Rambam seems to refer to this incident in the gemara in two different places, with subtle differences.
In Hilchot Sanhedrin 24:4 he writes:
יֵשׁ לְבֵית דִּין לְהַלְקוֹת מִי שֶׁאֵינוֹ מְחֻיַּב מַלְקוֹת וְלַהֲרֹג מִי שֶׁאֵינוֹ מְחֻיַּב מִיתָה וְלֹא לַעֲבֹר עַל דִּבְרֵי תּוֹרָה אֶלָּא לַעֲשׂוֹת סְיָג לַתּוֹרָה. וְכֵיוָן שֶׁרוֹאִים בֵּית דִּין שֶׁפָּרְצוּ הָעָם בַּדָּבָר יֵשׁ לָהֶן לִגְדֹּר וּלְחַזֵּק הַדָּבָר כְּפִי מַה שֶּׁיֵּרָאֶה לָהֶם הַכּל הוֹרָאַת שָׁעָה לֹא שֶׁיִּקְבַּע הֲלָכָה לְדוֹרוֹת. מַעֲשֶׂה וְהִלְקוּ אָדָם שֶׁבָּעַל אִשְׁתּוֹ תַּחַת אִילָן.
A court has the authority to administer lashes to a person who is not required to receive lashes and to execute a person who is not liable to be executed. This license was not granted to overstep the words of the Torah, but rather to create a fence around the words of the Torah. When the court sees that the people have broken the accepted norms with regard to a matter, they may establish safeguards to strengthen the matter according to what appears necessary to them. All the above applies with regard to establishing directives for the immediate time, and not with regard to the establishment of halachah for all time. An incident occurred where they had a man lashed for engaging in relations with his wife under a tree.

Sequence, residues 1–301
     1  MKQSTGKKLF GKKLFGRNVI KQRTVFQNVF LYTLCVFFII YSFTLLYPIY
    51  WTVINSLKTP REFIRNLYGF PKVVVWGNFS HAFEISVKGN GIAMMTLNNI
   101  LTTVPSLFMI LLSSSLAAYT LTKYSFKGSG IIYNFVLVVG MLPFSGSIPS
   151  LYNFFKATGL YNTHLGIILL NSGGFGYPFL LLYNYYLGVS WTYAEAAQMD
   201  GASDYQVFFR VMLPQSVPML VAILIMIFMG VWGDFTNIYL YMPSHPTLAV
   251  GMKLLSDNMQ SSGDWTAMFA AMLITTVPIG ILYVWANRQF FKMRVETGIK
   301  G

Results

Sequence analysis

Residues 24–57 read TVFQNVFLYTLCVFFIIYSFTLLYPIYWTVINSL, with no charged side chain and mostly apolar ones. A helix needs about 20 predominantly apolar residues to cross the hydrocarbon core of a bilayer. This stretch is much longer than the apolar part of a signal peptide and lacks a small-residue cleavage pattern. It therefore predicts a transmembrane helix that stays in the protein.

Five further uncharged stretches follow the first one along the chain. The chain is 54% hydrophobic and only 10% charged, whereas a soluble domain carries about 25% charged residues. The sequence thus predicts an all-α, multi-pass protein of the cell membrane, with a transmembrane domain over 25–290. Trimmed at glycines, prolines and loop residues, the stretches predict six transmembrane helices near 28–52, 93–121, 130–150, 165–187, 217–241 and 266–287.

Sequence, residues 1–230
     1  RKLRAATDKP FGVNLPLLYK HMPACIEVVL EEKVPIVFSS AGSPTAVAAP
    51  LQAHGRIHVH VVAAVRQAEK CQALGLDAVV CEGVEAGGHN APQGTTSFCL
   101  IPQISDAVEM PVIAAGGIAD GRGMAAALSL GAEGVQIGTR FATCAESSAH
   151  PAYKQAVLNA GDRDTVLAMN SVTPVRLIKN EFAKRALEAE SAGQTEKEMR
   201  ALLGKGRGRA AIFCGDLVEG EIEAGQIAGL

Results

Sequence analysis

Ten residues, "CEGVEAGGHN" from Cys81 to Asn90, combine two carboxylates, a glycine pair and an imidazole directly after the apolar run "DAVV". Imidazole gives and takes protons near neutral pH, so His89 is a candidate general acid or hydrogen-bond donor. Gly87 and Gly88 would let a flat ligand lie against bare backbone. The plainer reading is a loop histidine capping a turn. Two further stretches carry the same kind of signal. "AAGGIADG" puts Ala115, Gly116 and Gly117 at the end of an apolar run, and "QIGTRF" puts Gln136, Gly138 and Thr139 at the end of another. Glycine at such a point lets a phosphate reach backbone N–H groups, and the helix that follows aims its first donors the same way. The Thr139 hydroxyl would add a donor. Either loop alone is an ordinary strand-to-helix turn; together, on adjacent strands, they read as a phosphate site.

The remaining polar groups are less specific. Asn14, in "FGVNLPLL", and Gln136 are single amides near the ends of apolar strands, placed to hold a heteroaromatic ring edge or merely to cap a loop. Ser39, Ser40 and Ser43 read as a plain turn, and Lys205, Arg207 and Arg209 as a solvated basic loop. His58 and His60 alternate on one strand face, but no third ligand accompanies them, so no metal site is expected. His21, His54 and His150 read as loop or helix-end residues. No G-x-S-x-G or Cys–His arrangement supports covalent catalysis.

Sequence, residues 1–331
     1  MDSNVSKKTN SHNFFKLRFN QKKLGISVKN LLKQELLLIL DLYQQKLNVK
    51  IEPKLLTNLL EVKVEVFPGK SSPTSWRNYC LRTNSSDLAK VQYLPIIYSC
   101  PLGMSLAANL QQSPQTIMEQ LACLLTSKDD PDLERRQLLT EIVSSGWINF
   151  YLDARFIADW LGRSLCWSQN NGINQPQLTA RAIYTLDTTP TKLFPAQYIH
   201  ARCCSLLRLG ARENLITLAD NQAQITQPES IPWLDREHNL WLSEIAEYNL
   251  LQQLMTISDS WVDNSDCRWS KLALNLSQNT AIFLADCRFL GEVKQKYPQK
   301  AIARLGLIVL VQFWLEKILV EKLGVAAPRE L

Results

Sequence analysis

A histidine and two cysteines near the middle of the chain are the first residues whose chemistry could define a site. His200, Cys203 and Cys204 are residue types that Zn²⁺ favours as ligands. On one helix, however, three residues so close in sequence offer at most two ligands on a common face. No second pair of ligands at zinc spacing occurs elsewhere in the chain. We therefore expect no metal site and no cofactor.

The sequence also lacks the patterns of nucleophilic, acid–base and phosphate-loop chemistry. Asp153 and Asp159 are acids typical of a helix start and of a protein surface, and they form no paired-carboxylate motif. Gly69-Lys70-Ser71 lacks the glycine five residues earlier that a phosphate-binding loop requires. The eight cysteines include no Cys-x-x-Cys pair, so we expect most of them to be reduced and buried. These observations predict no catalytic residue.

This seems to imply that what the man did in this case is not ordinarily deserving of any punishment. He was punished exceptionally, as the court of that time and place saw fit.
In Hilchot Issurei Biah 21:14 he writes:
וְאָסוּר לְאָדָם לָבֹא עַל אִשְׁתּוֹ בַּשְּׁוָקִים וּבָרְחוֹבוֹת אוֹ בַּגַּנּוֹת וּבַפַּרְדֵּסִין אֶלָּא בְּבֵית דִּירָה. שֶׁלֹּא יֵרָאֶה כִּזְנוּת וְיַרְגִּילוּ עַצְמָם לִידֵי זְנוּת. וְהַבּוֹעֵל אֶת אִשְׁתּוֹ בִּמְקוֹמוֹת אֵלּוּ מַכִּין אוֹתוֹ מַכַּת מַרְדּוּת.
It is forbidden for a man to engage in relations with his wife in the marketplaces, streets, gardens, or orchards. Instead, [a couple should be physically intimate] only in a home, so that they will not appear as licentious relations and will not habituate themselves to licentious relations. When a man engages in relations with his wife in such places, he should be given stripes for rebellious conduct.
This seems to imply that any act of public intercourse is punished (rabinically) by lashes. It is not left to the discretion of the local court.
R. Yosef Rozin in Tzafenat Pa'aneach to Issurei Biah 21 resolves the contradiction as follows:
Intercourse in a public place (such as a marketplace or a main thoroughfare, or even a garden or orchard) is indeed always punished (rabbinically) with lashes. However, in the case under discussion in this question, the incident took place beneath a fig tree, which provided at least minimal seclusion.
That being the case, this act was not, strictly speaking, deserving of lashes at all, even rabbinically. However, the judges at the time exercised their prerogative to administer lashes in any event, in order to further the orderly running of society.